In Tearing Haste: The Letters of Deborah Devonshire and Patrick Leigh Fermor by Charlotte Mosley (ed) - review by Miranda Seymour

Miranda Seymour

Out of the Caskets

In Tearing Haste: The Letters of Deborah Devonshire and Patrick Leigh Fermor


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Take one beautiful young duchess, the youngest and cheeriest of the Mitford sisters. Give her Lismore, a romantic Irish castle plumbed by a modern-minded aunt-in-law (Adele Astaire). Throw in Chatsworth, sometimes described by its chatelaine to her friends and guests as ‘the dump’. Add – don’t even think about sex, for there isn’t a whisper of hanky-panky in a correspondence chastely edited by Charlotte Mosley – one of the most ebullient, erudite and handsome men of his generation. Remind yourself (you won’t need to, since the Duchess and PLF kick off this exchange of letters with tributes to each other’s achievements) that this is the man who, while posted to Crete during the Second World War, captured a German general and held him prisoner for eighteen days, thus winning the undying devotion of all Anglophile Hellenes for ever more. (This really doesn’t seem to be much of an exaggeration.)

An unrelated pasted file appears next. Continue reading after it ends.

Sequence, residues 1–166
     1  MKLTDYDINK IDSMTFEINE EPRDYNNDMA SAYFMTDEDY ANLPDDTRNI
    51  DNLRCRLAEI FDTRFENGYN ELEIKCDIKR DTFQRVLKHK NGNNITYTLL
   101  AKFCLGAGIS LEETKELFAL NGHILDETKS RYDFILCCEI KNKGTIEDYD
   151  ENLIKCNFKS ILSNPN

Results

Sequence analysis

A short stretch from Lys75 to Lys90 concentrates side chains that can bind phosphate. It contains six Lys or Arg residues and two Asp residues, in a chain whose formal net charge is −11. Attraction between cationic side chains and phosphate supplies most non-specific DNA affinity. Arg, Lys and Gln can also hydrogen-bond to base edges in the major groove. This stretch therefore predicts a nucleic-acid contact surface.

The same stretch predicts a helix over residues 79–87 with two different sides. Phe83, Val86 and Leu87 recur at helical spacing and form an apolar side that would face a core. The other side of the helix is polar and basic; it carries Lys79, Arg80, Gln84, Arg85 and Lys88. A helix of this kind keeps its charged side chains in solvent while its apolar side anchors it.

Good looks and high spirits apart, the Duchess and the travel-writing hero make an unlikely couple who have nevertheless sustained a loving friendship for half a century. She, he declares to two of their mutual friends in an early letter, is ‘funny, touching, ravishing and enslaving’. And, for those readers

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